As patients, we expect—and should demand—safety and respect when we go to the hospital or doctor’s office.
What about the people who work there? Can they expect the same from patients and visitors?
Increasingly, the answer appears to be “not always.” Workplace violence serious enough to require time off from work is four times more likely in health care and social assistance sectors than in private industry.
Here, two nurses who work in Pennsylvania tell their stories.
Health care leaders are well aware of the problem and are doing their best to improve the situation. They are encouraging staff to report such incidents and providing training on de-escalation techniques.
Many hospitals have rapid response teams, on call 24/7 and skilled at mitigating potentially violent situations. Other kinds of teams debrief staff after physical or verbal abuse and provide support as needed.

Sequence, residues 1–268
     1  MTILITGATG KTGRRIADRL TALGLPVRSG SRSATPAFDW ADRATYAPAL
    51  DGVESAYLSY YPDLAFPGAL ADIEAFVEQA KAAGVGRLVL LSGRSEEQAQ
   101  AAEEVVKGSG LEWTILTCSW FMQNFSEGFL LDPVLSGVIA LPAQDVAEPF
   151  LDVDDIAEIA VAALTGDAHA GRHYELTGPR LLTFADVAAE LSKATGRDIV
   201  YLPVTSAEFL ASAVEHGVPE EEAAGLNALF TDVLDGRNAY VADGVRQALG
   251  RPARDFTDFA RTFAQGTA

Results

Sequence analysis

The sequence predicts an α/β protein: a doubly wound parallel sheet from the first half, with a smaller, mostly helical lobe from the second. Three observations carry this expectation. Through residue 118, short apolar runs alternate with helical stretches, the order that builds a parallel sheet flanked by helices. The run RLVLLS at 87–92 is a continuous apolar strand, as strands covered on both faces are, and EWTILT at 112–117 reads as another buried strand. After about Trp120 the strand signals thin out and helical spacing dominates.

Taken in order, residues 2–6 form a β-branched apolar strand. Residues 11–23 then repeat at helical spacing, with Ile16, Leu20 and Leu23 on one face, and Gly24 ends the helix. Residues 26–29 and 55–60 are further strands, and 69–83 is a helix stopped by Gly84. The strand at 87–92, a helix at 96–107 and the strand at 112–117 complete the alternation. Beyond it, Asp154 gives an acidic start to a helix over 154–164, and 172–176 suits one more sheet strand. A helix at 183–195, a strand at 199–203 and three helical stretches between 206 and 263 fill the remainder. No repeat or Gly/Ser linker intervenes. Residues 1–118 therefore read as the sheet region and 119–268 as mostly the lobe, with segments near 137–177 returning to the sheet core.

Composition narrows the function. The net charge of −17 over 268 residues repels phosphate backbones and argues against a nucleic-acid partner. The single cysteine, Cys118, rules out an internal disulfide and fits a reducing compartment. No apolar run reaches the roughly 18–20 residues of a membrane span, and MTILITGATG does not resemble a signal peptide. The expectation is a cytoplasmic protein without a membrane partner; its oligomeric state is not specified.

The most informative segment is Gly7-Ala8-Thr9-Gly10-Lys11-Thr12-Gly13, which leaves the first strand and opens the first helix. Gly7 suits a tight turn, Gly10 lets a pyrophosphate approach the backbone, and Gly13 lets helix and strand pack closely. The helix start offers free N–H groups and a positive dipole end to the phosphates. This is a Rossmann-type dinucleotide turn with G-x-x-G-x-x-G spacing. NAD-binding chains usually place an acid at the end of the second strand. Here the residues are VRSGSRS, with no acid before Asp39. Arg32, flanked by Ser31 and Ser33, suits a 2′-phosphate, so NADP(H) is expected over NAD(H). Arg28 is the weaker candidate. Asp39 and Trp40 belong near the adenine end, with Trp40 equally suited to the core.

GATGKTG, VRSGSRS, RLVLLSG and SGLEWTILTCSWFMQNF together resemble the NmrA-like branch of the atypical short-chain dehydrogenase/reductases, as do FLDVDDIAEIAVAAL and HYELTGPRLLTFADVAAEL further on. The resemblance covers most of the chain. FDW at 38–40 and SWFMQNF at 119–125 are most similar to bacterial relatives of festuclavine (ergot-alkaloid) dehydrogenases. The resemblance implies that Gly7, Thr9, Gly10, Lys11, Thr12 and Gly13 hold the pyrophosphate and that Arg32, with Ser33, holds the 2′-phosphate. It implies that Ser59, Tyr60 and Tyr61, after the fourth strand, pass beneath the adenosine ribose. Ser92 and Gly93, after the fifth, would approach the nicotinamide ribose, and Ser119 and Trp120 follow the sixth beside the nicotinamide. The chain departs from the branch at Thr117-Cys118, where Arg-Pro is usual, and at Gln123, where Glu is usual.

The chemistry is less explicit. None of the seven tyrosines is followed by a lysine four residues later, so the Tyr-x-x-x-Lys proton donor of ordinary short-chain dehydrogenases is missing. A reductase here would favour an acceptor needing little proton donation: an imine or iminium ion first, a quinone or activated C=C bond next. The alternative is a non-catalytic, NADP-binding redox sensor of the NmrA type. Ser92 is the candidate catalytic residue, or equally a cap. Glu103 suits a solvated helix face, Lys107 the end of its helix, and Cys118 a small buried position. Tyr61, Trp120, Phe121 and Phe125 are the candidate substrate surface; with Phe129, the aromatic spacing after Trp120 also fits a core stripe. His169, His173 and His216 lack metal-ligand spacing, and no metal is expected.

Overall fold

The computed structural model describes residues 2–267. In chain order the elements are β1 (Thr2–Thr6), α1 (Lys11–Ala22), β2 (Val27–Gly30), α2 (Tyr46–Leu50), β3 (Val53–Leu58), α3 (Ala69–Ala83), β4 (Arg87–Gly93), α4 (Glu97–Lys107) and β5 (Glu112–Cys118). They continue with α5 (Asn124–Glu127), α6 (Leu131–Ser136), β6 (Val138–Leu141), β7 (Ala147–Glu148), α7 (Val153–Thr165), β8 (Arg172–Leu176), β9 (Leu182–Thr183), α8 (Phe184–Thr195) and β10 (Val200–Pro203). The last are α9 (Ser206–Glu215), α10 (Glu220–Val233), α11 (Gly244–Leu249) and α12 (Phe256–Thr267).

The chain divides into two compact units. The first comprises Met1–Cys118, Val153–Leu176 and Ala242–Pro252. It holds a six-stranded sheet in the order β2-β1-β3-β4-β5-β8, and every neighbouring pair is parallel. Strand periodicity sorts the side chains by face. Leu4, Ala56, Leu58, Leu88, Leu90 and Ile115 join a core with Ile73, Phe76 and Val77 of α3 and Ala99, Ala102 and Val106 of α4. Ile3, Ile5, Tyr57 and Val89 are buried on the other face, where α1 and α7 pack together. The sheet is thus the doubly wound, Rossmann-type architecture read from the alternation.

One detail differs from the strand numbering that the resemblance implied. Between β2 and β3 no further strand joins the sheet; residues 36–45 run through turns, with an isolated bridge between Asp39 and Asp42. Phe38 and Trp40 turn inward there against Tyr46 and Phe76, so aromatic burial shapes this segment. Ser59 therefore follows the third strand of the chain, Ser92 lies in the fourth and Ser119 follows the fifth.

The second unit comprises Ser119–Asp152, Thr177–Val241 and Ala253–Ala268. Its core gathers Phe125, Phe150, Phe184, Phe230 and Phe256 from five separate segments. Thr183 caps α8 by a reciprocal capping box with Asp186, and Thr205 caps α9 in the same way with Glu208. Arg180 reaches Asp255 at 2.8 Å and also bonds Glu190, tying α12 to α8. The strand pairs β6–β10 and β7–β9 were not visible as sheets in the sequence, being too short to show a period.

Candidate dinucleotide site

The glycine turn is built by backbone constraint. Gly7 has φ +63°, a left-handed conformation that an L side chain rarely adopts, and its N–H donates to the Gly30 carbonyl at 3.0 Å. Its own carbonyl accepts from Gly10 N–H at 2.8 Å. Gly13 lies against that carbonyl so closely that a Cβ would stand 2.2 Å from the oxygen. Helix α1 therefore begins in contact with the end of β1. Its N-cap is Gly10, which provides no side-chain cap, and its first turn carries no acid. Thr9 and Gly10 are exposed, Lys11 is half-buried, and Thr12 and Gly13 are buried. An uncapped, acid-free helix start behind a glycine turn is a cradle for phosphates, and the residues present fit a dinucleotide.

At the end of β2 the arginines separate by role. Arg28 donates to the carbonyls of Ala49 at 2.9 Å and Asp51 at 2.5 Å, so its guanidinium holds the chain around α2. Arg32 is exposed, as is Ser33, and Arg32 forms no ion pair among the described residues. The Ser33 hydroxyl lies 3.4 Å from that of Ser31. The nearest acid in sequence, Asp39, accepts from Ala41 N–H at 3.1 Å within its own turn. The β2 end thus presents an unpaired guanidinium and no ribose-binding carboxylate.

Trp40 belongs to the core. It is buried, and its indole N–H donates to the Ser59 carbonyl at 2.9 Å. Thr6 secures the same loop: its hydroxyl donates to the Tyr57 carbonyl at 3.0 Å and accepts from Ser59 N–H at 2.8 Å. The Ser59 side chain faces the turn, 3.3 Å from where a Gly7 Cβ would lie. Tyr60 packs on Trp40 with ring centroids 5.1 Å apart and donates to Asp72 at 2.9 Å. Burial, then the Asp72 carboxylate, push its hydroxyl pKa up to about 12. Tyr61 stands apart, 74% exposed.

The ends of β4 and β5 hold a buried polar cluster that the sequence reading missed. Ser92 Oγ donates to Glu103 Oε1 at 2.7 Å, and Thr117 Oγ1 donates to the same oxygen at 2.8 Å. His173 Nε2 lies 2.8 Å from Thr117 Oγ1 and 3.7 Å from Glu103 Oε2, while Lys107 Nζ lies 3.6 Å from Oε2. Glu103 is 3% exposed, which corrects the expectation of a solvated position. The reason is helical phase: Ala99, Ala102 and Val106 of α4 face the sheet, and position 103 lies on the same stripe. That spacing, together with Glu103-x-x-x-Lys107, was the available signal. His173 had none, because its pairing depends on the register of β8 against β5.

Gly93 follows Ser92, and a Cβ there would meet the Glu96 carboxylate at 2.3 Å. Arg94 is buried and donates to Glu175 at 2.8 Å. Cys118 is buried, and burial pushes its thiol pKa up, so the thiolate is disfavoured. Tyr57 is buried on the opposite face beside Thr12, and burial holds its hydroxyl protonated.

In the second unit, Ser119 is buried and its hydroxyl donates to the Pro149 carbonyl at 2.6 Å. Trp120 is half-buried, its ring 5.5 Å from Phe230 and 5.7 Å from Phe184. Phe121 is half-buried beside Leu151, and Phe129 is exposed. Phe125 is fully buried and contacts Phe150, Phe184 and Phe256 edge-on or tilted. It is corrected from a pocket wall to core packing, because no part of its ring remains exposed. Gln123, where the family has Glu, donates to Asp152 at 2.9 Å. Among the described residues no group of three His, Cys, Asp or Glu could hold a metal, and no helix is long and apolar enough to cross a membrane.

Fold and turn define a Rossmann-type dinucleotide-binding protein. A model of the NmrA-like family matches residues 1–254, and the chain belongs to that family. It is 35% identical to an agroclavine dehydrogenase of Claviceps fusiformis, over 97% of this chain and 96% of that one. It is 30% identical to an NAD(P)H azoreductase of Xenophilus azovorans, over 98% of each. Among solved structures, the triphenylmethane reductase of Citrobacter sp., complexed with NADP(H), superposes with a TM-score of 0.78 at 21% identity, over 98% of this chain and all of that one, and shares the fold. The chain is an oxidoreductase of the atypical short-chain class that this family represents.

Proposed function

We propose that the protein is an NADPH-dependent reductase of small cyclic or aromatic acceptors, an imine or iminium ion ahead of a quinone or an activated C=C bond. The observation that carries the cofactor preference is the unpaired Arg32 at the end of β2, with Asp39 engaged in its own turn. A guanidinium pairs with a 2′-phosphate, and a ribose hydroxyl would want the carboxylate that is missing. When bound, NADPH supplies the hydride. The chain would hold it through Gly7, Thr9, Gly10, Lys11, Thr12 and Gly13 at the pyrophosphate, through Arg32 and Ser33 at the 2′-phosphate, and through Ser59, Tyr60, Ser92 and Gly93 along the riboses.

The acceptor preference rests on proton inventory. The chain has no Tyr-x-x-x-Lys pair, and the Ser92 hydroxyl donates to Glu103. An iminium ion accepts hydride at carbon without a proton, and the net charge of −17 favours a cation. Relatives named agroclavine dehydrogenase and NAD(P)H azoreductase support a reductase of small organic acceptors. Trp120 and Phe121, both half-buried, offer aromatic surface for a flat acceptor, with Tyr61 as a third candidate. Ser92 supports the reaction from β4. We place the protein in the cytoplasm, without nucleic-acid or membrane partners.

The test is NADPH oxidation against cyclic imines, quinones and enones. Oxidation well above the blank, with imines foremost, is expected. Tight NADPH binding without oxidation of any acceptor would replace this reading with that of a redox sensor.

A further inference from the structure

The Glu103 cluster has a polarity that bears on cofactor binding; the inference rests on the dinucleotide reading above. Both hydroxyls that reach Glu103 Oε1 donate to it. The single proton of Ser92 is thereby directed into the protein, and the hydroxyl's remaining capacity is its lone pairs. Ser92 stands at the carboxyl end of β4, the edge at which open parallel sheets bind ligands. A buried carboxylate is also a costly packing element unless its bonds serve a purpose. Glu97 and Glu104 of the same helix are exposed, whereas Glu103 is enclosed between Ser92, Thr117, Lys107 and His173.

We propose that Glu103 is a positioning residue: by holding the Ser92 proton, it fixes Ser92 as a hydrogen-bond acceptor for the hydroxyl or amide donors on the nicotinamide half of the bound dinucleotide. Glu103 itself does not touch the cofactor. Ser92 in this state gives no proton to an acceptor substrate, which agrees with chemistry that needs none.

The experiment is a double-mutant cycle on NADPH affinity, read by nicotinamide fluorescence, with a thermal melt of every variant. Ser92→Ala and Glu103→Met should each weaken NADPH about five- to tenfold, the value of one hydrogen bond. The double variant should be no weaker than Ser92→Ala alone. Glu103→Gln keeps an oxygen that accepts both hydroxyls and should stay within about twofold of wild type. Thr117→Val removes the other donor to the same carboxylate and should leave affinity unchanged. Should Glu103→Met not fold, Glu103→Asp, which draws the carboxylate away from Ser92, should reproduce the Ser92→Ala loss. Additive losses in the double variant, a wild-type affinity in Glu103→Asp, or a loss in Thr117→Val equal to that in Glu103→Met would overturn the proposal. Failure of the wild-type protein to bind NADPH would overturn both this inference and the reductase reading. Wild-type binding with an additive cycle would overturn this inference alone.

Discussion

State government can help too. Pennsylvania lawmakers are considering two measures that would provide protections for hospital employees.
Senate Bill 351 and its companion legislation in the House would increase the penalty for an assault on a health care practitioner while on duty. Instead of being a misdemeanor, as it is now for some heath care professionals, it would be a felony.
House Bills 39 and 1880 and their companion legislation in the Senate would allow for the omission of employees’ last names from hospital name badges. This would make it more difficult for ill-intentioned patients to harass or stalk hospital employees.
You can learn more about these legislative efforts by clicking here. Health care settings should be safe and respectful for people who give care, as well as those who receive it.
Andy Carter is president and CEO of the Hospital and Healthsystem Association of Pennsylvania.